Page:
Committee may examine Soto proposal

ASPSU’s controversial OSA proposal that would alter the internal structure of the student-interest lobbying group may get a closer look if the organization approves a committee to discuss its merits Friday.

ASPSU’s controversial OSA proposal that would alter the internal structure of the student-interest lobbying group may get a closer look if the organization approves a committee to discuss its merits Friday.

Rudy Soto, ASPSU president, said ASPSU will ask the Oregon Student Association at its meeting this Friday to create an eight-member committee to discuss the proposal.

“We want this committee to take a serious look at the proposal, and we don’t want members who would stall the proposal,” Soto said, who wrote the proposal along with his senior policy adviser Ryan Klute.

Soto and Klute submitted the proposal to the Oregon Student Association, a statewide student-interest lobbying organization, in January. The proposal would create a new board, called the General Assembly, which would operate alongside OSA’s current Board of Directors. Under the proposal, the General Assembly would recommend lobbying issues to the Board of Directors, have the power to set membership dues that all OSA schools pay, and elect officers to the OSA Board of Directors.

The Board of Directors currently carries all of these responsibilities. Under the proposal, the power would shift to the General Assembly.

Some OSA board members and students statewide have complained that the proposal would give more voting power to larger universities like PSU and less to smaller schools. The Board of Directors is made up of two members from each school, but the General Assembly would include one voting member per every 2,500 full-time students at a university. PSU, the University of Oregon and Oregon State University would have five, six, and seven votes, respectively. The six other OSA schools would have a single vote on the new assembly.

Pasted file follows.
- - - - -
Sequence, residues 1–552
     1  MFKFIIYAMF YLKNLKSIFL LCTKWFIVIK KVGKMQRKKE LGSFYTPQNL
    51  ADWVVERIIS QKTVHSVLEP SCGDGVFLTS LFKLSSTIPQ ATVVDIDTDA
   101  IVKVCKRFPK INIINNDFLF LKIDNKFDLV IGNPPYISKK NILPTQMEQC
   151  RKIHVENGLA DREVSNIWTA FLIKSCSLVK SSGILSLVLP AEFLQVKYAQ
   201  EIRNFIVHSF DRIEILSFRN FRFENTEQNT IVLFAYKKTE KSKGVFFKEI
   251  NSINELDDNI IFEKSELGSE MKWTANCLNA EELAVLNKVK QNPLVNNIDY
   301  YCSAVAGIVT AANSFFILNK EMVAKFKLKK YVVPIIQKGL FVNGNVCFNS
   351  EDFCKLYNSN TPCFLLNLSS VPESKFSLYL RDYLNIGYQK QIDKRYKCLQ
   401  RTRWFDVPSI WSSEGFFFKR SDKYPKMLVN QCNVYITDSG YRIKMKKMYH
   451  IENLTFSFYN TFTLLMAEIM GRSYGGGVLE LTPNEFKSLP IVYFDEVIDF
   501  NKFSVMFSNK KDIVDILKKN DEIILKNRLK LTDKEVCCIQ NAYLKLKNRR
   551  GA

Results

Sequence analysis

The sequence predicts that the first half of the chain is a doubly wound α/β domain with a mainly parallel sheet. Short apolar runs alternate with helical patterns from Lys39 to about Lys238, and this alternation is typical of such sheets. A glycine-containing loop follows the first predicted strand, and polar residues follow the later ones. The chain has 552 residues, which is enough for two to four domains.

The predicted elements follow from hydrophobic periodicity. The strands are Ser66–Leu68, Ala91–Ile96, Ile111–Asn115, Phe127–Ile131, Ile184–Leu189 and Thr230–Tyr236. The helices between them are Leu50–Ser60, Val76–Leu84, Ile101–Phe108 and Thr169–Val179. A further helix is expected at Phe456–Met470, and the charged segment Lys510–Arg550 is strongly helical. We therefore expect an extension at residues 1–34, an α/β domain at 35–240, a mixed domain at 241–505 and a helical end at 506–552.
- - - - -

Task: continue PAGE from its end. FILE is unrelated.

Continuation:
OSA lobbies for student issues every other year to the Oregon legislature. It was heralded in 2007 for helping bringing hundreds of millions of dollars more in higher education funding to Oregon. Nine schools, including PSU, community colleges and rural colleges pay dues to OSA.

Who would serve on the new committee?

Klute, who is also OSA board of director’s vice chair, said the recommended eight-member committee that would examine ASPSU’s proposal would include two members from the Board of Directors and two members from OSA’s two-affiliate boards, the Oregon Student Equal Rights Alliance and the Oregon Students of Color Coalition.

Another requirement, Soto said, would be that the committee be comprised of at least one member from a large Oregon university, one from a regional university and one from a community college. He said this requirement would ensure a diverse look at the General Assembly proposal.

Klute said no specific students have been suggested for the recommended committee, but he hopes that members would be appointed as soon as possible if OSA approves the recommendation. He said both he and Soto would like to serve on the new committee.

Emily McClain, OSA board chair and UO student body president, said the committee may be approved at Friday’s meeting. If a decision is not reached, she said the issue would be revisited at a meeting in April.

McClain, who has previously spoken out against the proposal, said the decision to create the General Assembly is up to the current OSA Board of Directors.

The next OSA meeting will be held on the Oregon Health and Sciences University campus, located at 3181 S.W. Sam Jackson Park Road. It will take place at 4 p.m. this Friday, in the Old Library Auditorium building.

What the ASPSU proposal means for OSA

Klute said that the General Assembly, according to his and Soto’s proposal, would work alongside the OSA Board of Directors to determine which issues are selected for OSA research during a board member’s retreat in August.

Ten issues are selected during the retreat and put on a student survey. The surveys are used to narrow the list to five issues, and three issues are then set on the OSA research agenda for the next year.

The issue selection process takes place during non-legislative years–years when Oregon Legislature does not meet–so that OSA can research and prepare what issues to discuss with Legislature when it does meet. Under the ASPSU proposal, the General Assembly would pick 10 issues, and the OSA board would still narrow the list to five and eventually three, as it has in the past.